Taiwan drops graft charges against former top officials
Taiwanese prosecutors said on Wednesday they had decided to drop charges against two former top officials in a corruption case involving nearly US$30 million embezzled from the government.
A businessman had accused former vice premier Chiou I-jen and former foreign minister James Huang of “splitting” the diplomatic fund with him in 2006 under the island’s previous government.
However, prosecutors said in a statement that there was insufficient evidence to prove that “Chiou and Huang took any actions to embezzle the public fund or colluded or collabourated with the businessmen”.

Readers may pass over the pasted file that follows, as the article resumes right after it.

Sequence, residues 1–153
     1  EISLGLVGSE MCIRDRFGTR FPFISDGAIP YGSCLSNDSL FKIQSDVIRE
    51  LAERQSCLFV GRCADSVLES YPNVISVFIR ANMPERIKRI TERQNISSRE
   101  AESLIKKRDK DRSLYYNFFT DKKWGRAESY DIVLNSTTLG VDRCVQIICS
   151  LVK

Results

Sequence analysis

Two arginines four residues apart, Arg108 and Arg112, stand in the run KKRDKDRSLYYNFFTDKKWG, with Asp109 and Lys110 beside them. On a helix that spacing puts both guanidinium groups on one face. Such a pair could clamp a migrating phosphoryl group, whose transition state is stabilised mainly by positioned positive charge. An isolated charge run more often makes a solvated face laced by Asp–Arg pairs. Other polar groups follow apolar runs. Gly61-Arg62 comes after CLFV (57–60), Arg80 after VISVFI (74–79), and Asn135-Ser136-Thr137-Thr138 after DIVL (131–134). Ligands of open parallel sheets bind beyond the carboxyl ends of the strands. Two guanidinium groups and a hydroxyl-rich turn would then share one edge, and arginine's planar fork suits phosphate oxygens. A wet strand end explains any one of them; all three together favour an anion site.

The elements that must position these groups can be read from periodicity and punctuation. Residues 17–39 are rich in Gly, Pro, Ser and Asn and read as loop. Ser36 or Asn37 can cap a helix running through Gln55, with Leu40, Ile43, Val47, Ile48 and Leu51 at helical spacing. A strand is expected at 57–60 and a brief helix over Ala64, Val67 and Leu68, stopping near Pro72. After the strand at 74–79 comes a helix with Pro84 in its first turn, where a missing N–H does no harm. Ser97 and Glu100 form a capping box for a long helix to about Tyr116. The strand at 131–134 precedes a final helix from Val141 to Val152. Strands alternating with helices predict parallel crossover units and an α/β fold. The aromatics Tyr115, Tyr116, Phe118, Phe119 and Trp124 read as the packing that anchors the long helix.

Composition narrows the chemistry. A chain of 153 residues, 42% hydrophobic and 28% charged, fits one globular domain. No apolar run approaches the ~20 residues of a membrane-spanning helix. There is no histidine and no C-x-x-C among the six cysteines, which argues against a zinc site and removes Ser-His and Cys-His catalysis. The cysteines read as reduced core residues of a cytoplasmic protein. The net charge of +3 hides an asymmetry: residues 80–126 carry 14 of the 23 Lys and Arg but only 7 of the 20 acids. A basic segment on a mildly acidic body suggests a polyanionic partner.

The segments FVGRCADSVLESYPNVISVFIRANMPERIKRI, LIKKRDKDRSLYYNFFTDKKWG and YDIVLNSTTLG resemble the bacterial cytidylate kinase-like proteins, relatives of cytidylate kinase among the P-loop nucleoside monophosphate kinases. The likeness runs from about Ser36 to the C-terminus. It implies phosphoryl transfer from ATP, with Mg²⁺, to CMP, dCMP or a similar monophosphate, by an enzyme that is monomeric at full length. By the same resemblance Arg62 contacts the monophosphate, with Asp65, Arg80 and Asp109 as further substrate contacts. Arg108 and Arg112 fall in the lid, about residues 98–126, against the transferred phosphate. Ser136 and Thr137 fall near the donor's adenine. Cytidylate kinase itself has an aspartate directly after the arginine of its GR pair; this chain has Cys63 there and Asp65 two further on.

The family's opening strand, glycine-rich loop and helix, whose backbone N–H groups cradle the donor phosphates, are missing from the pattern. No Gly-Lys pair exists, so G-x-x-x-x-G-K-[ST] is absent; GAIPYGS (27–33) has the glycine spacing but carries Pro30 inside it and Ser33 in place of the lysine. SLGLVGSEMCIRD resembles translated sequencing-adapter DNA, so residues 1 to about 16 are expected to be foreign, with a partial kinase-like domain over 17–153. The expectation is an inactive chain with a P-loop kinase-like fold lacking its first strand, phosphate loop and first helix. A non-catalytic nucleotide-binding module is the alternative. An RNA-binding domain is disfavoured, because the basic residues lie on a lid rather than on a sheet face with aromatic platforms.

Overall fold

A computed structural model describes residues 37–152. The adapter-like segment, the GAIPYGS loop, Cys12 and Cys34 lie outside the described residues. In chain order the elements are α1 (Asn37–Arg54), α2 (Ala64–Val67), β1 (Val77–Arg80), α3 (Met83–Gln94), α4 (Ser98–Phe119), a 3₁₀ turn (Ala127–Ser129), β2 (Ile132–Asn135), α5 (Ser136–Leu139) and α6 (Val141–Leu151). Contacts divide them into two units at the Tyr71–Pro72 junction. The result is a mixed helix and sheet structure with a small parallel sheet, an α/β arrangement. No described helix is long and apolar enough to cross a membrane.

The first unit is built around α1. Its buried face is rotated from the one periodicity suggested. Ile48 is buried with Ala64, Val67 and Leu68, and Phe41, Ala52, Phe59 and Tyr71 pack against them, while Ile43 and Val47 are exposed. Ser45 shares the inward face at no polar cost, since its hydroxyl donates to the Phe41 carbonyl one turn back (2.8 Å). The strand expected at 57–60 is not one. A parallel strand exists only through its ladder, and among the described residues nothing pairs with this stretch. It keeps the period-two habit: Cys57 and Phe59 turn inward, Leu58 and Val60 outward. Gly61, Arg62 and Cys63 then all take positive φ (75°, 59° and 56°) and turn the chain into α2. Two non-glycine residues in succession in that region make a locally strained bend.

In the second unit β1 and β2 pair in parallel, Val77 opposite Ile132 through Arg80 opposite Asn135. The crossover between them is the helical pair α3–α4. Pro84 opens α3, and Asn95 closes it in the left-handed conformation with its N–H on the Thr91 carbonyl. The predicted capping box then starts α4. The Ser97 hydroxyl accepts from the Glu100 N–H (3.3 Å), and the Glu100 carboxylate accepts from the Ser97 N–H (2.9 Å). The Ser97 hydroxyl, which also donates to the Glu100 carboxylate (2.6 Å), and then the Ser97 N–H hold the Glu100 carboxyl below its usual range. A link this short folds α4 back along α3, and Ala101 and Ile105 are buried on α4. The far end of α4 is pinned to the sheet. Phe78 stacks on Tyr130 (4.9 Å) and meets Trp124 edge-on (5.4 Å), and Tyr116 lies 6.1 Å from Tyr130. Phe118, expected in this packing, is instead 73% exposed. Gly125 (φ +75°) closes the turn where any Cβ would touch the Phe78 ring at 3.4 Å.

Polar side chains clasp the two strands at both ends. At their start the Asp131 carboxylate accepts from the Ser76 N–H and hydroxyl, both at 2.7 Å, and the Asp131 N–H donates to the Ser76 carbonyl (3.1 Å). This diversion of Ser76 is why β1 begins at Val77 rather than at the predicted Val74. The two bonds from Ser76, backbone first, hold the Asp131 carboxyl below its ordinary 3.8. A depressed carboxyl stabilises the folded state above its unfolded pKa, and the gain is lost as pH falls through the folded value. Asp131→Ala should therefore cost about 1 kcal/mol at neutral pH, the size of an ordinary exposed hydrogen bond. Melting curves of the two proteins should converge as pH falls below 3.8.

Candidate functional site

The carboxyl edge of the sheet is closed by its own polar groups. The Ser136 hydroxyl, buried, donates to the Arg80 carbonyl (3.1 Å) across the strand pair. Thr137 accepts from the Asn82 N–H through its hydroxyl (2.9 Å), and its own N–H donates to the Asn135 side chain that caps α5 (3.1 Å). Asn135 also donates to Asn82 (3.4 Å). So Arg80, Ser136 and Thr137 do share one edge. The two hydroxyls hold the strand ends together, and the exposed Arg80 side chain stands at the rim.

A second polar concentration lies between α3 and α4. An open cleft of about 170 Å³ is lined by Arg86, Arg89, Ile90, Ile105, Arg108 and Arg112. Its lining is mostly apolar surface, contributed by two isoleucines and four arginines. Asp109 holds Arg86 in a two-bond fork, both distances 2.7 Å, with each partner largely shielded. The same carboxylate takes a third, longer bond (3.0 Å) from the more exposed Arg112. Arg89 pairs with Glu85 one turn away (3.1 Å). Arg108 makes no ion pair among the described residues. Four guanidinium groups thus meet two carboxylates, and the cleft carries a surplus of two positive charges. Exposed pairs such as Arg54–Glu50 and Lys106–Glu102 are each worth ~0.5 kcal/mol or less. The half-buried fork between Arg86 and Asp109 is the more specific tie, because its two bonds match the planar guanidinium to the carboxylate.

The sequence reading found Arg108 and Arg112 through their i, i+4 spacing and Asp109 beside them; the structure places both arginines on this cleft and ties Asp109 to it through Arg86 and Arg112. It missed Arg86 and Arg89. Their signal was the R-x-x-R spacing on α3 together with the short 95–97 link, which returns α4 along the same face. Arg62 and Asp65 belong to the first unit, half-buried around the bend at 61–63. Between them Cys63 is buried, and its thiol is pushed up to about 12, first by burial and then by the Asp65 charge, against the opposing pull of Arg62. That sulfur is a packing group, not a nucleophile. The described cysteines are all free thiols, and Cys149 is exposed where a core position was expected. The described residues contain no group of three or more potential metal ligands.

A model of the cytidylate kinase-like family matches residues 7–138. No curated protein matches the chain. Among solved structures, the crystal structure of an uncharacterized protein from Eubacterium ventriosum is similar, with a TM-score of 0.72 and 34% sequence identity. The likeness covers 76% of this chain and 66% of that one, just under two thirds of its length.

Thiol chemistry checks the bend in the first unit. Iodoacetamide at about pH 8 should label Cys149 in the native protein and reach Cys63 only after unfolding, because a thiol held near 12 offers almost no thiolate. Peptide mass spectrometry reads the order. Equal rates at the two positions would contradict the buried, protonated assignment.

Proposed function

Chiou and Huang resigned in May 2008 over the scandal in which two businessmen allegedly pocketed the money earmarked to help diplomatically-isolated Taiwan forge official ties with Papua New Guinea.
The businessmen were entrusted with the money by the foreign ministry as they claimed to have good connections with officials in the Pacific nation but allegedly made no progress in bringing about ties.
One of the businessman, who made the accusation, is serving a jail term on embezzlement and forgery convictions in the same case, while the other is believed to have fled to the United States.
Taiwan and China long accused each other of using generous financial packages to woo each other’s diplomatic allies away until ties improved markedly after the island’s Beijing-friendly government took power in 2008.